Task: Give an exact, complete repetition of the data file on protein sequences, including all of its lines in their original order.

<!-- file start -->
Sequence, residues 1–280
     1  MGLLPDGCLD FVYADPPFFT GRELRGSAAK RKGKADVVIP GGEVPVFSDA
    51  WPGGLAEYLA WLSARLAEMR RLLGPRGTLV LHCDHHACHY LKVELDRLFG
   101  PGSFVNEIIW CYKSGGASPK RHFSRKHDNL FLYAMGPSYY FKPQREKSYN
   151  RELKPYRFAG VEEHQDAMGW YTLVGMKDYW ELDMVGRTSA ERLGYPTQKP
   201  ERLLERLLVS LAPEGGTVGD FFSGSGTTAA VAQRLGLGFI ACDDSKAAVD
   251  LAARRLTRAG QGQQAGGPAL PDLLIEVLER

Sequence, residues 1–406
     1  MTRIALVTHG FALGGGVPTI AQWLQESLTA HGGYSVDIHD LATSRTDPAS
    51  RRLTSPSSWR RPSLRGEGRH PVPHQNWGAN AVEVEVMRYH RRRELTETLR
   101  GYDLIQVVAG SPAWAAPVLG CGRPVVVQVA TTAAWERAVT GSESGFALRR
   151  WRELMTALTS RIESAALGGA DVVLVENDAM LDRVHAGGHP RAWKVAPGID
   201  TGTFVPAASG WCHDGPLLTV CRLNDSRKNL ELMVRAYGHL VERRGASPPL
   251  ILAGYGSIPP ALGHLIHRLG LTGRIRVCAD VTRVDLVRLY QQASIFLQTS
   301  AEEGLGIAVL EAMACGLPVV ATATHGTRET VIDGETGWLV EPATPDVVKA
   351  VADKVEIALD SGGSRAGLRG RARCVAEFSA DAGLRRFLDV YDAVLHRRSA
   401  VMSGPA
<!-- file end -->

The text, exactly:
Sequence, residues 1–280
     1  MGLLPDGCLD FVYADPPFFT GRELRGSAAK RKGKADVVIP GGEVPVFSDA
    51  WPGGLAEYLA WLSARLAEMR RLLGPRGTLV LHCDHHACHY LKVELDRLFG
   101  PGSFVNEIIW CYKSGGASPK RHFSRKHDNL FLYAMGPSYY FKPQREKSYN
   151  RELKPYRFAG VEEHQDAMGW YTLVGMKDYW ELDMVGRTSA ERLGYPTQKP
   201  ERLLERLLVS LAPEGGTVGD FFSGSGTTAA VAQRLGLGFI ACDDSKAAVD
   251  LAARRLTRAG QGQQAGGPAL PDLLIEVLER

Sequence, residues 1–406
     1  MTRIALVTHG FALGGGVPTI AQWLQESLTA HGGYSVDIHD LATSRTDPAS
    51  RRLTSPSSWR RPSLRGEGRH PVPHQNWGAN AVEVEVMRYH RRRELTETLR
   101  GYDLIQVVAG SPAWAAPVLG CGRPVVVQVA TTAAWERAVT GSESGFALRR
   151  WRELMTALTS RIESAALGGA DVVLVENDAM LDRVHAGGHP RAWKVAPGID
   201  TGTFVPAASG WCHDGPLLTV CRLNDSRKNL ELMVRAYGHL VERRGASPPL
   251  ILAGYGSIPP ALGHLIHRLG LTGRIRVCAD VTRVDLVRLY QQASIFLQTS
   301  AEEGLGIAVL EAMACGLPVV ATATHGTRET VIDGETGWLV EPATPDVVKA
   351  VADKVEIALD SGGSRAGLRG RARCVAEFSA DAGLRRFLDV YDAVLHRRSA
   401  VMSGPA